The main thing to take away from this is you should 100% not do this walk in poor weather. We got extremely lucky, and every cloud in the area somehow missed us - we frequently returned to the car, or back to Stranraer, to find puddles everywhere. I can't imagine how miserable this would have been in the rain. It had been dry for a few days before we went, and yet still the ground underfoot was sodden, treacherous, and mud often ankle deep, with no obvious path. Possibly down to my own sub-part fitness, i found this tough going, but i was able to keep objective and think about how much worse it would have been had we been caught in the rain, and probably quite literally stuck in the mud.

If you were going with 1, or 2 cars, there is a small parking space on the opposite side of the road from Glenapp Church. You could also leave your car at the Lighthouse. Food stops are not plentiful on this route, so bring & buy in the mornings/evenings.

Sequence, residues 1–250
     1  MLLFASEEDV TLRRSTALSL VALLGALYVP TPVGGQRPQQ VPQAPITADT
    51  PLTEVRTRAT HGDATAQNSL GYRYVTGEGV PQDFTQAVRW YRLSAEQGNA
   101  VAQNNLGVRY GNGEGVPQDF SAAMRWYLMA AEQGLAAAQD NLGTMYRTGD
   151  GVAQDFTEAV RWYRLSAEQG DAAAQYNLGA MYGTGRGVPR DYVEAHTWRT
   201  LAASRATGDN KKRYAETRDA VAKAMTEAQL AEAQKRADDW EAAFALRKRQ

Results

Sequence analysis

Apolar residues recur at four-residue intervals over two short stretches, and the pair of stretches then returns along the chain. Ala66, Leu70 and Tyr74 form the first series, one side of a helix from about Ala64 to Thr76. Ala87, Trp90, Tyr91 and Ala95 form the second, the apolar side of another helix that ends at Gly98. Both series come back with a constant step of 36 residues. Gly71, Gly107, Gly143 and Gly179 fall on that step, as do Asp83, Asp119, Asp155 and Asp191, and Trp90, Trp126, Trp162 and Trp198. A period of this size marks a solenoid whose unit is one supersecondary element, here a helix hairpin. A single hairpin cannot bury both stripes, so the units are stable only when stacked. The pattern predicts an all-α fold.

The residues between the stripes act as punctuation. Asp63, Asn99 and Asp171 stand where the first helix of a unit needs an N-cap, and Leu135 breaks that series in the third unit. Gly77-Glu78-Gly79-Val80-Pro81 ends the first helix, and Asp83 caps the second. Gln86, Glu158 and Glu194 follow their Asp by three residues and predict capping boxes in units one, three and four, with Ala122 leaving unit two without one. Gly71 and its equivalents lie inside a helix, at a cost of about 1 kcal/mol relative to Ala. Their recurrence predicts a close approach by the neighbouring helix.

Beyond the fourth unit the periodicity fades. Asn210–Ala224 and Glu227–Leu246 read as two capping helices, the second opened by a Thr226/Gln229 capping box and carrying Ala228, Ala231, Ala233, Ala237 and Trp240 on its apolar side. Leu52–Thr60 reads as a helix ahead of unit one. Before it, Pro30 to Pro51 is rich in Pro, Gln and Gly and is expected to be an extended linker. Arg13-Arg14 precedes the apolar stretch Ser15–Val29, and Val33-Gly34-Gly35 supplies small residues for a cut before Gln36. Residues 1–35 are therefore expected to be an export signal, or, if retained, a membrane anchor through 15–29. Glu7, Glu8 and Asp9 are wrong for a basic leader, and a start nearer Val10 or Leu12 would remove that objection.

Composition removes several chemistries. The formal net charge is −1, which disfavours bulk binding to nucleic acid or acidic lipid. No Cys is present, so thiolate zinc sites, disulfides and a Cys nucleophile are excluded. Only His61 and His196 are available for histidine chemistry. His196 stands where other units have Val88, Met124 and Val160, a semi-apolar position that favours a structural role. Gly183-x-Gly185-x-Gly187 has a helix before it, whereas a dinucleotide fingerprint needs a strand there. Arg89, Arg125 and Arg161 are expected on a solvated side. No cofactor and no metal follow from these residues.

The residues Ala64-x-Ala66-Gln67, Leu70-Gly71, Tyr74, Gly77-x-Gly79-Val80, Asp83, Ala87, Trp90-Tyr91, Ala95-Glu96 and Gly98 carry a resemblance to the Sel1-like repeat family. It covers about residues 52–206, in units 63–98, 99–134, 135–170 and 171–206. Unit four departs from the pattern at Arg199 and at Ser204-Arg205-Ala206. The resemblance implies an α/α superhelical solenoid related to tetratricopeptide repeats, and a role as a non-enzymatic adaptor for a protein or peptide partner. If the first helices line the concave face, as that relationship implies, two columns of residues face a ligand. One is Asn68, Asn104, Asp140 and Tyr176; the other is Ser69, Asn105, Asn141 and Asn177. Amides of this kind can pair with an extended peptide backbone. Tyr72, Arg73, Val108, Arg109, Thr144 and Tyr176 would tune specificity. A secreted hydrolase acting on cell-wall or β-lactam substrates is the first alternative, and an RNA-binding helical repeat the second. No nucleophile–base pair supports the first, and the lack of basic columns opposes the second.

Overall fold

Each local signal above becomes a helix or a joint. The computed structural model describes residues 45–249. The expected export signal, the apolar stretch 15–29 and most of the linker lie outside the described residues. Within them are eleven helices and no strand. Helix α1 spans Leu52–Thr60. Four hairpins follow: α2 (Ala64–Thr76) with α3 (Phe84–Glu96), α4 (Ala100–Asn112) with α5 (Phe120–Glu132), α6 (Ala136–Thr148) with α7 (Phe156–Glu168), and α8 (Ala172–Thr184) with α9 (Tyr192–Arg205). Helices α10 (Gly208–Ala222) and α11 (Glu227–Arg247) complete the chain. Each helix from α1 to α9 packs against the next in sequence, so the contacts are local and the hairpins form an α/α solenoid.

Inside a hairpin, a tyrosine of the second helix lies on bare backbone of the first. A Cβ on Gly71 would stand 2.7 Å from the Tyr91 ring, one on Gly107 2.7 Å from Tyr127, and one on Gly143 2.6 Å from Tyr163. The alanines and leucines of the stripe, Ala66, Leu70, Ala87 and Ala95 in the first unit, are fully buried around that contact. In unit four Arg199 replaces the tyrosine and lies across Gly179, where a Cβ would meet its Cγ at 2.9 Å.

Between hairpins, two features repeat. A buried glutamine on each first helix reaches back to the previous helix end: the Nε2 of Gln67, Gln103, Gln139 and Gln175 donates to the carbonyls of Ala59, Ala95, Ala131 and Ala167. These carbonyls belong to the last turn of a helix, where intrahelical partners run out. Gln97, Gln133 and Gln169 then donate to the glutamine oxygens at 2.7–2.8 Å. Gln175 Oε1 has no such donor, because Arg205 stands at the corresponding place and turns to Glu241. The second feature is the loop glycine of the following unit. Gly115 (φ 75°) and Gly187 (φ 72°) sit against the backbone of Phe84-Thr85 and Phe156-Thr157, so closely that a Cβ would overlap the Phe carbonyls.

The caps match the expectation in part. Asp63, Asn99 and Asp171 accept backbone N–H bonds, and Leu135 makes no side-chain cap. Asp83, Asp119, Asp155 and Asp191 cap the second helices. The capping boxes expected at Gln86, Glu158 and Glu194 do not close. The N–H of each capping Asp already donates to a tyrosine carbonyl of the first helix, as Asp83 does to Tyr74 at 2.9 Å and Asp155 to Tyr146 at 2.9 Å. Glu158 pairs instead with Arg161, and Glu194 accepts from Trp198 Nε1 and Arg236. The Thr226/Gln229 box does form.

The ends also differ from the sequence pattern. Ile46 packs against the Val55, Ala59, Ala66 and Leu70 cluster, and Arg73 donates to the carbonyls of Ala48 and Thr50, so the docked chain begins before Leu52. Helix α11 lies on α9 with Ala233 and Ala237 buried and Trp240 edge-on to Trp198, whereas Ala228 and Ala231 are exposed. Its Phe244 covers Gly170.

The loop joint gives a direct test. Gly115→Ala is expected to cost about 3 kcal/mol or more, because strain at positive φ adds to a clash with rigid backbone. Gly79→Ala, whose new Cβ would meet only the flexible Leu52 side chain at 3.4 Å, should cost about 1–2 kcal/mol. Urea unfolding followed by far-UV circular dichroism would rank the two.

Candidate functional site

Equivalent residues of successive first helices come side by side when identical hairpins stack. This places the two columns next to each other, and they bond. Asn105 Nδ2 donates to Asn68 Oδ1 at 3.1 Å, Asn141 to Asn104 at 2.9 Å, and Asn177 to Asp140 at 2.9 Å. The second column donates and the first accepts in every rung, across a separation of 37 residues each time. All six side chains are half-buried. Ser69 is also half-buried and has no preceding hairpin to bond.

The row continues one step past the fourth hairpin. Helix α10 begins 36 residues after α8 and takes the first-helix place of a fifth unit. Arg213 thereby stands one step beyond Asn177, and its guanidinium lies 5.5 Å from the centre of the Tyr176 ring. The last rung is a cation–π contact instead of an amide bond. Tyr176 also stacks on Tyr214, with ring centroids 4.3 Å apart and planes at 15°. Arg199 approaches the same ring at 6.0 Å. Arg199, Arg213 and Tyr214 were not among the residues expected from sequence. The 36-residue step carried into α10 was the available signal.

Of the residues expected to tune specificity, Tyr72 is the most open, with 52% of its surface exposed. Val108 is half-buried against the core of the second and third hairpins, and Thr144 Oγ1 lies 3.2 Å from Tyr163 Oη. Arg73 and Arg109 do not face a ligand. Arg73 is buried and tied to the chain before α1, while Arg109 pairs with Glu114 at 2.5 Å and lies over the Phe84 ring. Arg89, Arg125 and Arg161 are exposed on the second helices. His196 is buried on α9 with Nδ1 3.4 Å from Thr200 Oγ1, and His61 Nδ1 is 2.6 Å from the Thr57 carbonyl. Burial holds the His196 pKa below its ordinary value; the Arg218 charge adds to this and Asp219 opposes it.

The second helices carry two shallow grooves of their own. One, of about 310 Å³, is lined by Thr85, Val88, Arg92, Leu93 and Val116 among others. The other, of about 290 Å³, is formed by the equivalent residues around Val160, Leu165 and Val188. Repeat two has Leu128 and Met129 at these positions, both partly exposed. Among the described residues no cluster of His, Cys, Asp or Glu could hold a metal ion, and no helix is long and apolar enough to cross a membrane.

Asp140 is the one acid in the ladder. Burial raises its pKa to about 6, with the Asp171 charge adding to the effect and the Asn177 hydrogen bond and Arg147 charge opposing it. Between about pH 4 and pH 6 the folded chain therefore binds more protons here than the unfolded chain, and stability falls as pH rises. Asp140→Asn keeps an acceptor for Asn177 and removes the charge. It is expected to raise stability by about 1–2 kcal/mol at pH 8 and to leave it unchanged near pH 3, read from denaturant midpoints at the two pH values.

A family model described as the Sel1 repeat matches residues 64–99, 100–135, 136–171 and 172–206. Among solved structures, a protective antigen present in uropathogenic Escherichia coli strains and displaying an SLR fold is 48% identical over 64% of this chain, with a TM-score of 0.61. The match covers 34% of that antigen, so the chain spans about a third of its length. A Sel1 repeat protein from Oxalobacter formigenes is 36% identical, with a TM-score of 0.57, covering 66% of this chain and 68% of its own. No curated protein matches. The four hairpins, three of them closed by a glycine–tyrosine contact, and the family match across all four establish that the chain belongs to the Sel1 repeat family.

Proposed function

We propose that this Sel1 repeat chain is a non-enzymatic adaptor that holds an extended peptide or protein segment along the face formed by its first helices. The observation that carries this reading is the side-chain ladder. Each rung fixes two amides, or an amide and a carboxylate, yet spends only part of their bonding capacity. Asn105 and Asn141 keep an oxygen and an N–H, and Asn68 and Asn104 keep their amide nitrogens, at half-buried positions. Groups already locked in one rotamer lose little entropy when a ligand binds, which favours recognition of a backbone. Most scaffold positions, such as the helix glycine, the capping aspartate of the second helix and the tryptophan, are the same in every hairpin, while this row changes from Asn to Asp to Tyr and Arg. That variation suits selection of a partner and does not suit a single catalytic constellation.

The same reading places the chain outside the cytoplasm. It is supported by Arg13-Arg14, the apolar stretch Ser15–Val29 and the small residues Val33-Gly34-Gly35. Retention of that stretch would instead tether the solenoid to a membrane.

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Re: Terrific vistas, challenging terrain

Postby Sgurr » Fri May 04, 2018 1:18 pm

Very useful.When I was a cyclist rather than a walker we used to arrive at villages in that dead time between 5 and 6 when the cafes had shut and the pubs not yet open. It is all the more frustrating if you check in advance and find a food stop closed and walking to another place is even less flexible than cycling. On the other hand, my tendency as a cyclist to become nothing more than a perambulating stomach is far greater than walking.